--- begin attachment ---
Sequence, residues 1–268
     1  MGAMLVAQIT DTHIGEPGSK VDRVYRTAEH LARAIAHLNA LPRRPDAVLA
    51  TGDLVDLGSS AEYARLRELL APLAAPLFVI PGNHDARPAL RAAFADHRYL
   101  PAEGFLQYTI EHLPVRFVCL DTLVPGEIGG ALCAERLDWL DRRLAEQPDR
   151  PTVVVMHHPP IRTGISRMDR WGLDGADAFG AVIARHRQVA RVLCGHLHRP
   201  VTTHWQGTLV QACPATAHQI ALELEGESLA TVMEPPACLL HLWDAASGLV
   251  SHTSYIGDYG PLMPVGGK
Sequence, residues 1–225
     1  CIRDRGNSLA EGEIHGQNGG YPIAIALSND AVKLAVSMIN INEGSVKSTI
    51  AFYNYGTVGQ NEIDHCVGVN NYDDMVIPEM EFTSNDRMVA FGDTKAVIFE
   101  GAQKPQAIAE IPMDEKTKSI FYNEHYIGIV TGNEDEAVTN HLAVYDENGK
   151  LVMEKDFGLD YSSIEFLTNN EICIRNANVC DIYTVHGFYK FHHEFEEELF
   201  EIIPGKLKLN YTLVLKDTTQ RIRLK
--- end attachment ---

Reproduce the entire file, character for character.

Sequence, residues 1–268
     1  MGAMLVAQIT DTHIGEPGSK VDRVYRTAEH LARAIAHLNA LPRRPDAVLA
    51  TGDLVDLGSS AEYARLRELL APLAAPLFVI PGNHDARPAL RAAFADHRYL
   101  PAEGFLQYTI EHLPVRFVCL DTLVPGEIGG ALCAERLDWL DRRLAEQPDR
   151  PTVVVMHHPP IRTGISRMDR WGLDGADAFG AVIARHRQVA RVLCGHLHRP
   201  VTTHWQGTLV QACPATAHQI ALELEGESLA TVMEPPACLL HLWDAASGLV
   251  SHTSYIGDYG PLMPVGGK
Sequence, residues 1–225
     1  CIRDRGNSLA EGEIHGQNGG YPIAIALSND AVKLAVSMIN INEGSVKSTI
    51  AFYNYGTVGQ NEIDHCVGVN NYDDMVIPEM EFTSNDRMVA FGDTKAVIFE
   101  GAQKPQAIAE IPMDEKTKSI FYNEHYIGIV TGNEDEAVTN HLAVYDENGK
   151  LVMEKDFGLD YSSIEFLTNN EICIRNANVC DIYTVHGFYK FHHEFEEELF
   201  EIIPGKLKLN YTLVLKDTTQ RIRLK